Jake is a young aspiring magician, who sees a famous magician perform a disappearing trick on TV. His imagination set afire, he’s dying to perform the trick at his 10th birthday party. But the celebration is in five days, and he still hasn’t perfected the disappearing act yet.
He practices and practices, but it looks unlikely he may not master the trick — until he finds a mentor of sorts who helps him along in his desire to become the best magician he can possibly be.
Directed by Paul and Simon Wade with a script from Simon, this very British short comedy is equal parts sweet and sharp: a fun, charming entertainment that lands a zing before the proceedings get too twee.
There’s a stylish quirkiness to the craftsmanship, with a faded, almost vintage look-and-feel to the photography and lighting. Reminding viewers perhaps of early Wes Anderson, the visuals emphasize offbeat details and an almost deadpan sense of composition and performance, adding a level of creative sophistication to a seemingly simple child’s story.
The pacing and editing move at a brisk clip, eschewing the deeply psychological and staying focused on Jake’s quest to master the disappearing trick. Like many hero’s journeys, he doesn’t quite get the hang of things until he gets some guidance from a higher, wiser source — and the encouragement to keep practicing and studying. Of course, this discipline and cheerleading come from within, though it’s externalized for the child protagonist — but eventually Jake learns that practice makes perfect.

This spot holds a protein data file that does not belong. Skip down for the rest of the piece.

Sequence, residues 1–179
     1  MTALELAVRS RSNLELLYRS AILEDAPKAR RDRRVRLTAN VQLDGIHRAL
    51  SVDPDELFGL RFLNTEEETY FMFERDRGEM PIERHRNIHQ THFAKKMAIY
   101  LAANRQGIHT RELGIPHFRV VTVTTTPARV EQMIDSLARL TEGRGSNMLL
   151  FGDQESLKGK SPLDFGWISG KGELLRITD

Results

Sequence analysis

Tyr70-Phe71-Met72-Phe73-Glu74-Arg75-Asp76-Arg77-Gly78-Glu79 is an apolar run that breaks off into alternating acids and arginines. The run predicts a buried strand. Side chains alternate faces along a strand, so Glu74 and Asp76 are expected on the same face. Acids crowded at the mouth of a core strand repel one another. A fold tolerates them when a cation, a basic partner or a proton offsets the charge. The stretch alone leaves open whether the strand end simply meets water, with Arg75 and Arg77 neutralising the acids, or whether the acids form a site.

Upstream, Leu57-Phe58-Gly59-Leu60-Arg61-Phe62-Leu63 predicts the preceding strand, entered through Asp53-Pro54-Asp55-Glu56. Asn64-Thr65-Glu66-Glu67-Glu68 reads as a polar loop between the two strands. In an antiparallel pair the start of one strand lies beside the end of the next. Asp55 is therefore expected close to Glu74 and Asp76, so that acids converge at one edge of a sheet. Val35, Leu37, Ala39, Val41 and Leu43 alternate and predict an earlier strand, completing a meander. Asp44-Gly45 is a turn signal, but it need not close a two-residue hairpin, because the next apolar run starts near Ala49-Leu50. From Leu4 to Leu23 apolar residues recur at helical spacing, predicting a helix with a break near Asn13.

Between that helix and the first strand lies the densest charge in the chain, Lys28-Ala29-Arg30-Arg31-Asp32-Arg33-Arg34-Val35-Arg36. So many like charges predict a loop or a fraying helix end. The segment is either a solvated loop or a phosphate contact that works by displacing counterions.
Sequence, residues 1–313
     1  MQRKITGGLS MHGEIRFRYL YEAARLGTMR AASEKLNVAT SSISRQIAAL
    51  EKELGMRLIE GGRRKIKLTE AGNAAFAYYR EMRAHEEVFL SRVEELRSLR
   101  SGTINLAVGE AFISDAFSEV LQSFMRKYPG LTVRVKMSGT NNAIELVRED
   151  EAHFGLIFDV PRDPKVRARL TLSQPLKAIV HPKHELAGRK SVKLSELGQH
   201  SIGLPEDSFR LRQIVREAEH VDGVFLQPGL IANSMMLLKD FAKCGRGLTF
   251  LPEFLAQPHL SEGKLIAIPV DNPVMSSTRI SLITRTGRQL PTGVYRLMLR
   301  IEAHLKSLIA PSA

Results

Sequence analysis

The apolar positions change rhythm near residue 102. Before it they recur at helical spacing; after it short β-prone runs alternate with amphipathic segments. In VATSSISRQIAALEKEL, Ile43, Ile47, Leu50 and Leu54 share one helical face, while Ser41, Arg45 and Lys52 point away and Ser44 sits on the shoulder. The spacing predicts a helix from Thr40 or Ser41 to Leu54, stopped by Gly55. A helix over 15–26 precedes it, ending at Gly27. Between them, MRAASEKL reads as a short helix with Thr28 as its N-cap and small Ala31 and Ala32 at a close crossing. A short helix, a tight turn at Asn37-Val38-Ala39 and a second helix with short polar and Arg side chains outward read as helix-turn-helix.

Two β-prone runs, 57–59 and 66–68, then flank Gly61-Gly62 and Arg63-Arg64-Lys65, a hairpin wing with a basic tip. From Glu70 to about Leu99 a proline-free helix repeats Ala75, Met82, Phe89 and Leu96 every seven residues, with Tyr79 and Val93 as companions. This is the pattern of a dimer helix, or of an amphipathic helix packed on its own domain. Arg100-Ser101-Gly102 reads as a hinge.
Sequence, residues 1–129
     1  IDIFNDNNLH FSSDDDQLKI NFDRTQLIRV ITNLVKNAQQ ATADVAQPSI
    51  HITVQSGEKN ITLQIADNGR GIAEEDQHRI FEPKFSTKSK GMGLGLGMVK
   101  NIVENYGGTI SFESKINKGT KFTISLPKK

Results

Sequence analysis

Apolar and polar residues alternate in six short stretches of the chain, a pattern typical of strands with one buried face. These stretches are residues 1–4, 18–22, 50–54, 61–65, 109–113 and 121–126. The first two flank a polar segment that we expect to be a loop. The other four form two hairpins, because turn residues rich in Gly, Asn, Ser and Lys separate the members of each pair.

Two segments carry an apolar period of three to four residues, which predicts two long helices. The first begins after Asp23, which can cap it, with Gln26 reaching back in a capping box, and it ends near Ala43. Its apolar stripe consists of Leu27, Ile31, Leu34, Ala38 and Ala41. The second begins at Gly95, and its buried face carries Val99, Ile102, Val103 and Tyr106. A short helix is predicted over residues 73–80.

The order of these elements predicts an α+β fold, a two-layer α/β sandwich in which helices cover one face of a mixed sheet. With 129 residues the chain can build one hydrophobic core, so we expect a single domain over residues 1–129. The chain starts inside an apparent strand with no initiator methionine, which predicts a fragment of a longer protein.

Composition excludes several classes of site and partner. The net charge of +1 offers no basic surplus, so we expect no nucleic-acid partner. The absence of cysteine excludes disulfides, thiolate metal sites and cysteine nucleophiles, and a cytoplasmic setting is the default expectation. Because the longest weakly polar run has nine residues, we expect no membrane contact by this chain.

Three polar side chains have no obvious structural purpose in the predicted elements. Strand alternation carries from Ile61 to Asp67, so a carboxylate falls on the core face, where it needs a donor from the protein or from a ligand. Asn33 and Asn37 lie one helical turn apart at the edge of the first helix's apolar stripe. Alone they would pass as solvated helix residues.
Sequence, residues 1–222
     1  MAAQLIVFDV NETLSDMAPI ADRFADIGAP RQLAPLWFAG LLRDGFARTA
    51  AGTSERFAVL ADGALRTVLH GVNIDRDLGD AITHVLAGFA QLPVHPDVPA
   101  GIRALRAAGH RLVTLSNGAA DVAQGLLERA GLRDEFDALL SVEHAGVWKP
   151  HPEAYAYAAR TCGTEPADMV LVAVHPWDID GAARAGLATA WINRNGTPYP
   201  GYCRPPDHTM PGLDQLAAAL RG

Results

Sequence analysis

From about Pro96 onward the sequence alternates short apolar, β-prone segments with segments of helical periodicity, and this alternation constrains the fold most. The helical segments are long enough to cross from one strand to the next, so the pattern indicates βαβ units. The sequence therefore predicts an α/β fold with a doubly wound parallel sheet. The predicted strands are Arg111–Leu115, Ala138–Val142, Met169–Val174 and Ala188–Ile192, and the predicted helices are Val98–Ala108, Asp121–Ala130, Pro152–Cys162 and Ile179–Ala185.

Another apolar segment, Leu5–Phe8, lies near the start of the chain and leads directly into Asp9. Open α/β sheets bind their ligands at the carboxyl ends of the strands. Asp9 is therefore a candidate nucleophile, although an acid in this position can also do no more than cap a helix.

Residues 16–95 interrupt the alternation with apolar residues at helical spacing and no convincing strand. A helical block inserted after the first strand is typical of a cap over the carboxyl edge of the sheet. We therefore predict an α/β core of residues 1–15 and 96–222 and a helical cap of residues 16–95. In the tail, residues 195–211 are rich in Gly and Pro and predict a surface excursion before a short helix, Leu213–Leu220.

In this case, though, perfection may be just a bit too perfect, as the ending of “Jake the Magnificent” upends the sweet sentimentality that most viewers may expect from a family film, finishing with a sharp little zinger of an ending that is both unexpected and ominously funny. But it’s not entirely unprecedented, falling into the category of children’s storytelling epitomized by writers like Roald Dahl, who imbued his tales with a mischievous sense of the macabre.
That same spirit exists in “Jake the Magnificent.” Children’s lives, after all, aren’t all entirely innocence, sweetness and light, and they soon learn that actions and desires have consequences that can be unexpectedly weighty — and perhaps mistakes and failures are fail-safes that allow us to grow gradually into our powers, instead of letting us wield responsibilities that we may not be quite ready for.